17
   

Out of Afghanistan by tomorrow? How? What's your plan?

 
 
Reply Fri 31 Aug, 2012 09:37 am
Okay.
So, you are in charge of the immediate withdrawal from Afghanistan.
What is your exit strategy?
I want your detailed plan with all the options.
Remember: The place is landlocked.
Are you going to fly everybody out leaving all that equipment behind?
Going to drive out ? Which way?
Right through the Taliban in Kandahar Province into Pakistan, then South to Karachi?
No....the fricking Kyber Pass????
East through Iran? HEH HEH HEH.
North gives you Turkmenistan, Kyrgyzstan and Uzbekistan, no sorry, that's Tajikistan isn't it? I always get those two mixed up.

To be fair: You have ten days to start and complete the withdrawal.
It must be orderly.
The USA must not lose a lot of face doing it.
There must be little or no loss of American or Allied Forces.
You have to estimate the date when all troops and equipment will reach either the USA or US Bases around the world.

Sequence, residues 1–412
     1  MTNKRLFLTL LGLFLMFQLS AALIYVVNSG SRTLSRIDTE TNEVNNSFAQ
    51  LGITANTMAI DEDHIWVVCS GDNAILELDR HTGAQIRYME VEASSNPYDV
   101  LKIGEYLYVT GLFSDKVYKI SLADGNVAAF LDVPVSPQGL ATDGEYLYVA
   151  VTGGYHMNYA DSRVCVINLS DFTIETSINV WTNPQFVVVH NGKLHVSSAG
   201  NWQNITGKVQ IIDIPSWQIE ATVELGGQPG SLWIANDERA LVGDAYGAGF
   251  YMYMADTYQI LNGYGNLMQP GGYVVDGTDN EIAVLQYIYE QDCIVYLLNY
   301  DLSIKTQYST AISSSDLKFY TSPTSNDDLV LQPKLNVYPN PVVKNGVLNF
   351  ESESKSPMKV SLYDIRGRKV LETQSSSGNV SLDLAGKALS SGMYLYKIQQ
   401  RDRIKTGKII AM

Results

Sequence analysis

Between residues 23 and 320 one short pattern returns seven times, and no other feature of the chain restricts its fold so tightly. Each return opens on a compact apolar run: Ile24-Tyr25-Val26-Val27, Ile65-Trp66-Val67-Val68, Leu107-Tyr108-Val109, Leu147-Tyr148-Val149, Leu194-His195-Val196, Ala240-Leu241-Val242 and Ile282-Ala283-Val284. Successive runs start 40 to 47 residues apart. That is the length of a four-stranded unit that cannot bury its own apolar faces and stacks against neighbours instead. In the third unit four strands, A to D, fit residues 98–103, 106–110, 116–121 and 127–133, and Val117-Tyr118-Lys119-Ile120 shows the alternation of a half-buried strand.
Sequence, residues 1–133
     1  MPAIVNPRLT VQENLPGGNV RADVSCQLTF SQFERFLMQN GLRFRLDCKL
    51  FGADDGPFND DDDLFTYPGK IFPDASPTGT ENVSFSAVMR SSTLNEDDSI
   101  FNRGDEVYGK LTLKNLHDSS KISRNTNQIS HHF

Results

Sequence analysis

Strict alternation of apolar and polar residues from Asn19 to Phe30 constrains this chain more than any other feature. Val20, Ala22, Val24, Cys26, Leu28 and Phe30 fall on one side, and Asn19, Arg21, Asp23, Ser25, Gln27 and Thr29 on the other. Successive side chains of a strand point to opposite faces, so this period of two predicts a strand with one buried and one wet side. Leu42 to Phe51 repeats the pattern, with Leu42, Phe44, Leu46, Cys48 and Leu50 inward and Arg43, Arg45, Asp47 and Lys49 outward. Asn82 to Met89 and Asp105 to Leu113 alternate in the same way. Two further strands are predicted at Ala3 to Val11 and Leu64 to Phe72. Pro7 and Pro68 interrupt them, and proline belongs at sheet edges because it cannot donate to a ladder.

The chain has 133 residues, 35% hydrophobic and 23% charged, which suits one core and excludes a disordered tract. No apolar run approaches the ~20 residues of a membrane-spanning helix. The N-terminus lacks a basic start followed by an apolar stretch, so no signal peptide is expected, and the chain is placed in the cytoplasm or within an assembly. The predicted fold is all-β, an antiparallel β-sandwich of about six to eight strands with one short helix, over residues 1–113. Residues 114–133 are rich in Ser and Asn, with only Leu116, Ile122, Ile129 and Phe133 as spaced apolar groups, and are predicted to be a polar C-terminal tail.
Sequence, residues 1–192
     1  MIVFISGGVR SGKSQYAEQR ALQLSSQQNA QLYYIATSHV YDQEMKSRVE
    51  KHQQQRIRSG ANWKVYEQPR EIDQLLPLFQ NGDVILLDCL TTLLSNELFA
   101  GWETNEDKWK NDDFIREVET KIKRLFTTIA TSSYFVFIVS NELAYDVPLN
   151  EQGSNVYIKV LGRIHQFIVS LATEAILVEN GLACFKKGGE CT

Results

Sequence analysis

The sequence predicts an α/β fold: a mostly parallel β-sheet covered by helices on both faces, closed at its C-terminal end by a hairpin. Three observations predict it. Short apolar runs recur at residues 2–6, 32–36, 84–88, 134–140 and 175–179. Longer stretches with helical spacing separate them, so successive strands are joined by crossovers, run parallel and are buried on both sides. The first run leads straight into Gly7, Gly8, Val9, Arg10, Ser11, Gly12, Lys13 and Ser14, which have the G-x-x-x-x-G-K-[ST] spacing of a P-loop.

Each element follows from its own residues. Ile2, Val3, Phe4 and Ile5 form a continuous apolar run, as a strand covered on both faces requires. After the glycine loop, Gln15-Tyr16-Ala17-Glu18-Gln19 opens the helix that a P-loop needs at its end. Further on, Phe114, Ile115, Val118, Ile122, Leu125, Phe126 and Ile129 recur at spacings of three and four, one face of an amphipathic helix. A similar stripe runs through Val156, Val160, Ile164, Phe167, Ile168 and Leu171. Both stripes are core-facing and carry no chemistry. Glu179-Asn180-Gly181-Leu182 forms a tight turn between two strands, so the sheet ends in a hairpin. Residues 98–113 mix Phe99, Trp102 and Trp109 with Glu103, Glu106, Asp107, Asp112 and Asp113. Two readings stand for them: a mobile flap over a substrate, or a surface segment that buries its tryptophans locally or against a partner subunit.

You must estimate the cost of doing the operation. (C'mon, you can do it.)

I'm serious. This is a good war game to play. What's your plan?

Joe(ready, steady, go)Nation
 
dalehileman
 
  1  
Reply Fri 31 Aug, 2012 09:47 am
@Joe Nation,
Don’t know, Joe, how did we exit Vietnam
ehBeth
 
  2  
Reply Fri 31 Aug, 2012 09:48 am
@Joe Nation,
Joe Nation wrote:
The USA must not lose a lot of face doing it.


since I don't care about this at all it makes it easy

Quote:
Are you going to fly everybody out leaving all that equipment behind?


yes


~~~~

pick up, pack up, get out
ehBeth
 
  1  
Reply Fri 31 Aug, 2012 09:49 am
@dalehileman,
dalehileman wrote:

Don’t know, Joe, how did we exit Vietnam


funny - I just edited a whole rant about the Vietnam exit from my response

and do I ever have a rant about the Vietnam exit
0 Replies
 
Foofie
 
  0  
Reply Fri 31 Aug, 2012 09:57 am
@Joe Nation,
Joe Nation wrote:

... What's your plan?

Joe(ready, steady, go)Nation


I would leave the plan to the people that are paid to make the plan.

Foofie (during assimilation, I've learned not to want to take over)
Joe Nation
 
  1  
Reply Fri 31 Aug, 2012 11:25 am
@ehBeth,
Okay, ehbeth:
Lose all face : Check.
Fly out.
How? How many planes would that take?
Where would they fly in from?
And go.
From what airfields would you land and launch?

Also Cost of goods left behind and Cost of Operation.

~~